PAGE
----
What would you do? Now her faith is being challenged and she did not grow up with the God of Israel. She is a Gentile. She is a Sidonian. She would likely be a Baal worshiper. But she is told to not be afraid but believe that because the God of Israel says that the flour and oil will not run out, that it will not run out. Just go feed Elijah first. In verse 15 we see that she did exactly as Elijah told her. There was food every day for Elijah and for herself and her son. The flour and the oil did not run dray, just as God said through Elijah.
But Will You Still Believe? (17:17-24)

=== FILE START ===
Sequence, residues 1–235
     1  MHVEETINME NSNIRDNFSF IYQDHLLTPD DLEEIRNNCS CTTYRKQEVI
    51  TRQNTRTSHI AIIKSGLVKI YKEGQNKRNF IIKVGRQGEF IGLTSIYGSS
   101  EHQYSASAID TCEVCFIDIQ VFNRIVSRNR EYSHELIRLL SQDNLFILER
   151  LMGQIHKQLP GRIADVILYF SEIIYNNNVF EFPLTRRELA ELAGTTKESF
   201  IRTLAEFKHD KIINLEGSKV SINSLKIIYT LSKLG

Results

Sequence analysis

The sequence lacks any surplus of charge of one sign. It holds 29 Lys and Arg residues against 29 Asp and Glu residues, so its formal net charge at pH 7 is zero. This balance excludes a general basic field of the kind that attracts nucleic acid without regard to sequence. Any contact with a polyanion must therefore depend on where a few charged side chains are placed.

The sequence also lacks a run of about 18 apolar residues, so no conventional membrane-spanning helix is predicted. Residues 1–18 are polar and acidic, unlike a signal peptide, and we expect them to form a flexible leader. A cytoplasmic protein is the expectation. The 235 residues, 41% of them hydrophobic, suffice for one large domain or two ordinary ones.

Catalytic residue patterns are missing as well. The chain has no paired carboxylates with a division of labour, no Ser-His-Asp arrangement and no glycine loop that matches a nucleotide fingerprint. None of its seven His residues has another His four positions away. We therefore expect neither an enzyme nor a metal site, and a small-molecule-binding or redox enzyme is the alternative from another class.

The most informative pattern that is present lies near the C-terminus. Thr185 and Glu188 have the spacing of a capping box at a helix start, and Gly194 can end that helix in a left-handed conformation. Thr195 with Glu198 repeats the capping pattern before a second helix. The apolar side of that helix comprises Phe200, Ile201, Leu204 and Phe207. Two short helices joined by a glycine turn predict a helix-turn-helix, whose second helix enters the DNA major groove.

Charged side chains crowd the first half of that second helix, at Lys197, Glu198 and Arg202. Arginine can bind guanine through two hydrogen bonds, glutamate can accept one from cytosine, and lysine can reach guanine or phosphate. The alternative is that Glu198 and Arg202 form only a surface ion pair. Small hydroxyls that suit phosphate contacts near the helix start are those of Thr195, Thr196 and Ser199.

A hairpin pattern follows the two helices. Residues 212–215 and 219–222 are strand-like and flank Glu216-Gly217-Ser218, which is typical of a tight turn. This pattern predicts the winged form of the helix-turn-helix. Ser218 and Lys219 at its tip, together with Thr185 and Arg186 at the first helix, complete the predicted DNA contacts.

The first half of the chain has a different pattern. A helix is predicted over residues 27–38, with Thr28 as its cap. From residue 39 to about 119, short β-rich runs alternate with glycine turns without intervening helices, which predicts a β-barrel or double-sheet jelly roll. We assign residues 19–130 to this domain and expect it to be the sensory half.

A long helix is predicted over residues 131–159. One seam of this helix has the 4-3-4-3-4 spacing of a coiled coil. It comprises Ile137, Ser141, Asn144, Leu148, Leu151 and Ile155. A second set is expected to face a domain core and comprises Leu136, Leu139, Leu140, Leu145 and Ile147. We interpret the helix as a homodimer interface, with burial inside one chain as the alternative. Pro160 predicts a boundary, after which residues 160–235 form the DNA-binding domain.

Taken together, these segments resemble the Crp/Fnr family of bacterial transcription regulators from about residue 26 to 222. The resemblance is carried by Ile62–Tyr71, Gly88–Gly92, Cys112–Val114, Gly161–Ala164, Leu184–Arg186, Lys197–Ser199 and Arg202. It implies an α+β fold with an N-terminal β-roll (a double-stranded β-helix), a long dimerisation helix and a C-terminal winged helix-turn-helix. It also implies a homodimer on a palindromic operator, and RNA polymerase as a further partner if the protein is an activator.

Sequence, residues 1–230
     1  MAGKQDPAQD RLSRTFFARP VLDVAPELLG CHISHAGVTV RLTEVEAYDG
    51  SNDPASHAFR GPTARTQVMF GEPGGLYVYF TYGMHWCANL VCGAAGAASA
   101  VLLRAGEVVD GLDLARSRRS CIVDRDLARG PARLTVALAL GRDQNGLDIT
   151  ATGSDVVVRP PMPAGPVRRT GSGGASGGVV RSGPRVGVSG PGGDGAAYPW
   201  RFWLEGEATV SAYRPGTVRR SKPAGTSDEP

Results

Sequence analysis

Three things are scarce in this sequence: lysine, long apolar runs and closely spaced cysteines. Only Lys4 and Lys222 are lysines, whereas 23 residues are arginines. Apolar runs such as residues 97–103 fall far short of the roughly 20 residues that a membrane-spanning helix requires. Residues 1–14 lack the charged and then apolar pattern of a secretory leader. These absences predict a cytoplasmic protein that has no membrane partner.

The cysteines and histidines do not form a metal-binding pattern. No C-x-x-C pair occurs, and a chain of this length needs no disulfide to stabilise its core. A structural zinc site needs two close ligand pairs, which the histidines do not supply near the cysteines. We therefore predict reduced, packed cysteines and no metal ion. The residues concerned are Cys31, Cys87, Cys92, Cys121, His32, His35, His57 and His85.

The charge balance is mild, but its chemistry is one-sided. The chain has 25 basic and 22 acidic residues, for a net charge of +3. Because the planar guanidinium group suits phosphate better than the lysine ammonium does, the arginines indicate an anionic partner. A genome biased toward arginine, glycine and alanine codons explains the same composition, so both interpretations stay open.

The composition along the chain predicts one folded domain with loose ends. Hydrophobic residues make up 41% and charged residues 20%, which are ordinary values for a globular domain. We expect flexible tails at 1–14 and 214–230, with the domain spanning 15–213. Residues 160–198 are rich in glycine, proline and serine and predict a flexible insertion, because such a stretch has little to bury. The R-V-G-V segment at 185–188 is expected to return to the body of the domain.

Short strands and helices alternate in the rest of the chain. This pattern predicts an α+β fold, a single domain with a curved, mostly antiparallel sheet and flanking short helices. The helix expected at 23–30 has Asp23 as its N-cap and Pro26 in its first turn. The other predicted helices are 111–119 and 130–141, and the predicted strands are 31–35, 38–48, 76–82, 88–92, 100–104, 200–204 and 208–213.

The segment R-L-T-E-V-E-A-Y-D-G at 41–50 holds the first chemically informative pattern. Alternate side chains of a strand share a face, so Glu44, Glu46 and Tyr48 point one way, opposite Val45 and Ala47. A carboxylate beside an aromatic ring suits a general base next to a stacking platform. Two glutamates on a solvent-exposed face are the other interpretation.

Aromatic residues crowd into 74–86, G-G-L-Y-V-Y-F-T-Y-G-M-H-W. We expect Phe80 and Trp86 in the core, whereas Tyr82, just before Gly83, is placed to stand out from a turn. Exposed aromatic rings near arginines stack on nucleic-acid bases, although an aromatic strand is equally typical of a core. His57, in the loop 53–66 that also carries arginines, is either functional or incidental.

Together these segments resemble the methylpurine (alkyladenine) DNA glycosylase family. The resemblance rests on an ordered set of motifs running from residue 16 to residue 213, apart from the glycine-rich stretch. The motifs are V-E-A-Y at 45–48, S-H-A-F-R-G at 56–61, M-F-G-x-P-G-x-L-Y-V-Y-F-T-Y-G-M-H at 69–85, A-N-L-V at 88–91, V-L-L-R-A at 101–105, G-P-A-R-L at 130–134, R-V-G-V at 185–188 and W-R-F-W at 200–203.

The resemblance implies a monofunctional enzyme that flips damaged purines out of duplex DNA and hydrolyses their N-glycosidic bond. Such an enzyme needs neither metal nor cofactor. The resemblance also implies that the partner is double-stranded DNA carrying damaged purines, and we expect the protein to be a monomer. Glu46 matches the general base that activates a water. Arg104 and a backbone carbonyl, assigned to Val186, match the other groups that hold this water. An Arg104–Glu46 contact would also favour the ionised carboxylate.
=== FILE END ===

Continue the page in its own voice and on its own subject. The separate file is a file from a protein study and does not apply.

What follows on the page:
But the next thing we are told is that the son dies. What looked like hope and help through Elijah now appears to be pain and loss. You can imagine that you thought life was going to be great because Elijah is staying with you. Oil and flour continue to be provided every day. But the son dies. Tests of our trust are never easy. She goes to Elijah in verse 18. “What do you have against me, man of God? Did you come to remind me of my sin and kill my son?” (NIV) Have you come to point out my sins? Elijah, is it your purpose to call attention to my sins? This is important because she connects sin as the cause of the son’s death.